“Hail to Hell” (지옥만세) – 2022 Busan Film Review

Bang Hyo-rin (left) and Oh Woo-ri) wearily trek through life in “Hail to Hell.” (still courtesy of KAFA)

The synopsis for the film “Hail to Hell” (지옥만세) in the official Busan International Film Festival program states that two teenage girls, who have been suffering from bullying and go through a “ridiculous suicide failure,” then embark on a “fascinating adventure story.” This description does not do this film justice. At all. Rather, it is a look at how abuse can be a never ending downward spiral meets M.C. Escher drawing — and the solution may not be to chase gimmicks to find paradise, but simply to accept reality and deal with it.

Na-mi (played by Oh Woo-ri) and Sun-woo (Bang Hyo-rin, often referred to her nickname of “Phony,” not due to her nature but perhaps because of the broken phone she carries with her), are kind of, sort of, friends. They aren’t the brightest bulbs in the block, but their actions — or inactions — are understandable given that they have suffered continuous abuse at the hands of their respective families and school enemies. With this, they share one major perpetrator in common: Chae-rin (Jung Yi-ju), whose family lost the amusement park they used to own and darted out of town to the capital. Thanks to some social media sleuthing, they locate her whereabouts in Seoul and vow to take revenge…and that’s when the weirdness begins.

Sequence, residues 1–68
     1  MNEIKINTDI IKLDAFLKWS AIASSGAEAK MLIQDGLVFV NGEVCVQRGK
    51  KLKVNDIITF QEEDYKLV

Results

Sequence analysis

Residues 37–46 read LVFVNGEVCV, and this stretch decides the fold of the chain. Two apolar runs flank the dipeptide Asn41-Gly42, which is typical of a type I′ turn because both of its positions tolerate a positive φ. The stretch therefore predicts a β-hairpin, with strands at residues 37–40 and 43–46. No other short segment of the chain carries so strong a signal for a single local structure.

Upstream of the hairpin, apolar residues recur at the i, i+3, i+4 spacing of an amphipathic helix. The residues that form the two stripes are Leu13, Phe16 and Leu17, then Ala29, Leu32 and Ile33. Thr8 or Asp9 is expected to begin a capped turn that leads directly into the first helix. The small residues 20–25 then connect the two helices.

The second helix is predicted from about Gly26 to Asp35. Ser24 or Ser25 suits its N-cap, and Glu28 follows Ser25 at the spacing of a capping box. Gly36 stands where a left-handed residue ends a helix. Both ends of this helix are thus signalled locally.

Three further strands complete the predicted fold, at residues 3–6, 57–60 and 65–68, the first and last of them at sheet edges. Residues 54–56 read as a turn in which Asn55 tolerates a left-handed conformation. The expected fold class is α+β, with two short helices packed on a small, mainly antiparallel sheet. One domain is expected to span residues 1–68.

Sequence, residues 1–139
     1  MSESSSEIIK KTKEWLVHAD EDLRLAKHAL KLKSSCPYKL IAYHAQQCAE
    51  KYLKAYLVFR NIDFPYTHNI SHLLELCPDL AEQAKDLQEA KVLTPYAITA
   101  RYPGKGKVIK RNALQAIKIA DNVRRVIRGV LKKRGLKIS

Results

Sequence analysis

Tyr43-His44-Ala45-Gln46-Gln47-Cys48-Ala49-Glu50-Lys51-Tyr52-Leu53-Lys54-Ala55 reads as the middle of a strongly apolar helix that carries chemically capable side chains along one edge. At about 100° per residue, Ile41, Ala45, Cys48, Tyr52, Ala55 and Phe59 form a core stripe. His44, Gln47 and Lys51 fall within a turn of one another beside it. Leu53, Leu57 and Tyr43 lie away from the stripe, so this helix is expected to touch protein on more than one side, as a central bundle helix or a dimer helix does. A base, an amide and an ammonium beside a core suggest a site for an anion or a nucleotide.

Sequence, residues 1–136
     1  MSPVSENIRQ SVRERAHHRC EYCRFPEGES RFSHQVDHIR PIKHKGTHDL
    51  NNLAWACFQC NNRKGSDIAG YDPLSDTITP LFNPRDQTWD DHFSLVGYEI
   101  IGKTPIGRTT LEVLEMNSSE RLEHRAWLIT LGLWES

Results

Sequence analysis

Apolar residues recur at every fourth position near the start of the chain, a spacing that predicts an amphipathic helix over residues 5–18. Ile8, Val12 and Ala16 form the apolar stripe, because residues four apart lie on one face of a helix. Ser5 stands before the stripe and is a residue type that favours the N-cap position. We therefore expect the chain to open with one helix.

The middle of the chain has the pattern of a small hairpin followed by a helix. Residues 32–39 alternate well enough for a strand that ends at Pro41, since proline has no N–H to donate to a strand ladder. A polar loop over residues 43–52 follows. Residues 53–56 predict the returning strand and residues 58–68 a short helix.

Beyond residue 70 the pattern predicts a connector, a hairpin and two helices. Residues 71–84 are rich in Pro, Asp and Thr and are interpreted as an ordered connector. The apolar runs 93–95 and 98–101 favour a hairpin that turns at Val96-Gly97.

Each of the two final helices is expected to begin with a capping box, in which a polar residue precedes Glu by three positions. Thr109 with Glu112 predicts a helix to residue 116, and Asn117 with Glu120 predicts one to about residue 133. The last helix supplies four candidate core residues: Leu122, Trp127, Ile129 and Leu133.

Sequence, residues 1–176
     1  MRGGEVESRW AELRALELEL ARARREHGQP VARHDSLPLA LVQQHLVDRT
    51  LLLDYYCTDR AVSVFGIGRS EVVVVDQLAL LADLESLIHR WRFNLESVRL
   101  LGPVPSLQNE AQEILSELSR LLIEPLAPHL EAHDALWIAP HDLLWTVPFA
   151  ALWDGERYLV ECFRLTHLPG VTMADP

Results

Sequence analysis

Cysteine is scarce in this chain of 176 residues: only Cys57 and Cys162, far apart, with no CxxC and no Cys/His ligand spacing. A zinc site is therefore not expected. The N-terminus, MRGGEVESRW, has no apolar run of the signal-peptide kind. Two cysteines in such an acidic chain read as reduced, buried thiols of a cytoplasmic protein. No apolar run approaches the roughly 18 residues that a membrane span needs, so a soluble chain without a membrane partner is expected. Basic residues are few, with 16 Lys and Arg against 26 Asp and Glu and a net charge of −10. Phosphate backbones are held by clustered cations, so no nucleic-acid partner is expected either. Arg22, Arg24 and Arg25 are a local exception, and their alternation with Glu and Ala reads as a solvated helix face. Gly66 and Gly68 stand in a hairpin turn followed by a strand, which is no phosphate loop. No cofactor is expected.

Jean-Paul Sartre wrote in his 1944 existentialist play No Exit that “Hell is other people.” Both Na-mi and Sun-woo gradually learn this lesson, albeit through clouded judgment pummeled by years of mistreatment. As they learn about the pain they inflict on themselves, each other, and other human beings familiar and unfamiliar, they wonder if finding a happier place really is worth the uphill battle.

“Hail to Hell” screens at the 2022 Busan International Film Festival on Oct. 9, 11 and 13. For ticket information, go to biff.kr.

trailer courtesy of the Busan International Film Festival